I went on a database crawl last night looking for material by Mary McClintock Fulkerson, and have read lightly through a few papers that have prompted these still-embryonic thoughts about connections between the understandings of sin in traditional, feminist, and mimetic theologies.
Hamartiology is a five-dollar word that didn’t appear on the vocabulary list in my intro theology course, but it means the theology of sin. One might consider this part of soteriology (the theology of salvation), if one is oriented towards sin as “that from which we must be saved”; or perhaps part of theological anthropology (the theology of human nature), if one is oriented towards sin as “the fallenness of creation.”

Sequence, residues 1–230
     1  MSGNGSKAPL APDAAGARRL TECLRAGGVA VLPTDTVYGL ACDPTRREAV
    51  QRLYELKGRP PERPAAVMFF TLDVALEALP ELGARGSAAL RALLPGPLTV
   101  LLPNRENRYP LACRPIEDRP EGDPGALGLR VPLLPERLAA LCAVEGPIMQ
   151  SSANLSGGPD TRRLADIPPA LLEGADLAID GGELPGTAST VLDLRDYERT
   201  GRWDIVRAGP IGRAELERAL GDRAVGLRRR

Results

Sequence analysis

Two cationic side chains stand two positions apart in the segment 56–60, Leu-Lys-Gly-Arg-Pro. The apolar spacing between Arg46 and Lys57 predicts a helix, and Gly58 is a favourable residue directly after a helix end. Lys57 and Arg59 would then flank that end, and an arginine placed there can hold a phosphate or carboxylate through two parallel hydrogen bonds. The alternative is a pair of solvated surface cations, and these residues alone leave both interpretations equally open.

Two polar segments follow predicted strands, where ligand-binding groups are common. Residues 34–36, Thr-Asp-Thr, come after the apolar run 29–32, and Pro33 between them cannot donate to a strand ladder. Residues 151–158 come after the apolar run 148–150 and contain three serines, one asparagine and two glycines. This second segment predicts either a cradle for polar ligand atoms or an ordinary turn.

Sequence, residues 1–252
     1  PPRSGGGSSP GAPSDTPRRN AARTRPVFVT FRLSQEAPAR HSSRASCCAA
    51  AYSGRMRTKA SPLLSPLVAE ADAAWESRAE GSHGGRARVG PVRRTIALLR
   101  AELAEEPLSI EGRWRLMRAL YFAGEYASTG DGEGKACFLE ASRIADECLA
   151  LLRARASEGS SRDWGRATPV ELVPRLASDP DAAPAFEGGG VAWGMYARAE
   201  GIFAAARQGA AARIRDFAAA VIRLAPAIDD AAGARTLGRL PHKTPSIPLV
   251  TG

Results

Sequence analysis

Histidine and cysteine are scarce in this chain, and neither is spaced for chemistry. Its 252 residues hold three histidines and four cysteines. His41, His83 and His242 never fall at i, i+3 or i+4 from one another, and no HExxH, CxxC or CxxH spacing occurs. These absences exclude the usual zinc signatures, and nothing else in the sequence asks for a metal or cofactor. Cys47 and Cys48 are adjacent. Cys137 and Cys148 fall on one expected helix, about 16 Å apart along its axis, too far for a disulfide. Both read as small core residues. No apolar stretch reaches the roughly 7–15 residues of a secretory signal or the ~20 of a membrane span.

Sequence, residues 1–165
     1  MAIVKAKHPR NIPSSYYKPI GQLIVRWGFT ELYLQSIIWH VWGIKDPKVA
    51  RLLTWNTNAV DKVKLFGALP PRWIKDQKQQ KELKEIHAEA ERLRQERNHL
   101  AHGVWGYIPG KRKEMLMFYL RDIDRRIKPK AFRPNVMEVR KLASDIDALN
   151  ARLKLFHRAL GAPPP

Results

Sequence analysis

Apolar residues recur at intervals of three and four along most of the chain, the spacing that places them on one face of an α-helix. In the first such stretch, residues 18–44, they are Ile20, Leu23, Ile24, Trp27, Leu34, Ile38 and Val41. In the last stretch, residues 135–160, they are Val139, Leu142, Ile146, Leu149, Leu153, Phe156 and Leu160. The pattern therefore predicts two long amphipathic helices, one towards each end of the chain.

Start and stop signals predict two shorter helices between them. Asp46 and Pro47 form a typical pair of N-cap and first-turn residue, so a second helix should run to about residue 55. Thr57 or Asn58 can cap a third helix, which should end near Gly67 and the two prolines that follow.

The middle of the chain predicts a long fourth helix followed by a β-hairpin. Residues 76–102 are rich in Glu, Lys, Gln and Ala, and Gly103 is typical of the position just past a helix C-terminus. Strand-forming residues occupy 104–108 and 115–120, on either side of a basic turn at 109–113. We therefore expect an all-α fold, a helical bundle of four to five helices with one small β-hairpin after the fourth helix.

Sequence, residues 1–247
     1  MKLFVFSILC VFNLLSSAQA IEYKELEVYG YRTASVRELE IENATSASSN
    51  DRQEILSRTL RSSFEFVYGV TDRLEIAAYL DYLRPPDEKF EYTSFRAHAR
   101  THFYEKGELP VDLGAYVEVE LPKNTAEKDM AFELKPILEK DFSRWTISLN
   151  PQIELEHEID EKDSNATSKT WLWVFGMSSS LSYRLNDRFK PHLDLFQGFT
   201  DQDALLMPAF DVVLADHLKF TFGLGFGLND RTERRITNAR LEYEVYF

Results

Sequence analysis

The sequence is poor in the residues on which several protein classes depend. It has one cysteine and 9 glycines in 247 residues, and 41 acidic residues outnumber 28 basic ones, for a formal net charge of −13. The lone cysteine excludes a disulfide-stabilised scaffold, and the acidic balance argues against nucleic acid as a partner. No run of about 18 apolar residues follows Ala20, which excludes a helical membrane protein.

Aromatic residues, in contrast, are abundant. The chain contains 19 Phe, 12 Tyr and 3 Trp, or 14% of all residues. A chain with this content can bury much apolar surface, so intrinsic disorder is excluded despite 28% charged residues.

I tend to think of “original sin” as a shorthand expression corresponding to the question “what the heck is wrong with the world,” and I was impressed by Reinhold Niebuhr‘s proposal that original sin was a response to the existential anxiety experienced by human beings when they realize that they cannot control their surroundings well enough to guarantee their own safety. As I recall from my professor’s explanation, Niebuhr argued that the impulse to dominate and control those around us is the typical human response to this anxiety, and constitutes original sin. (That would make existential anxiety the “occasion of original sin,” one might say.) My professor went on to describe a feminist critique of this position that argued there was a gendered difference in the typical human response to this anxiety, and that while men typically responded by inappropriately forcing their will on others, women typically responded by inappropriately abdicating their moral agency. I found this, too, very convincing, less because of the gendered aspect of the difference, than because of the notion that domination and abdication are opposite and equally sinful extremes of the misuse of the will.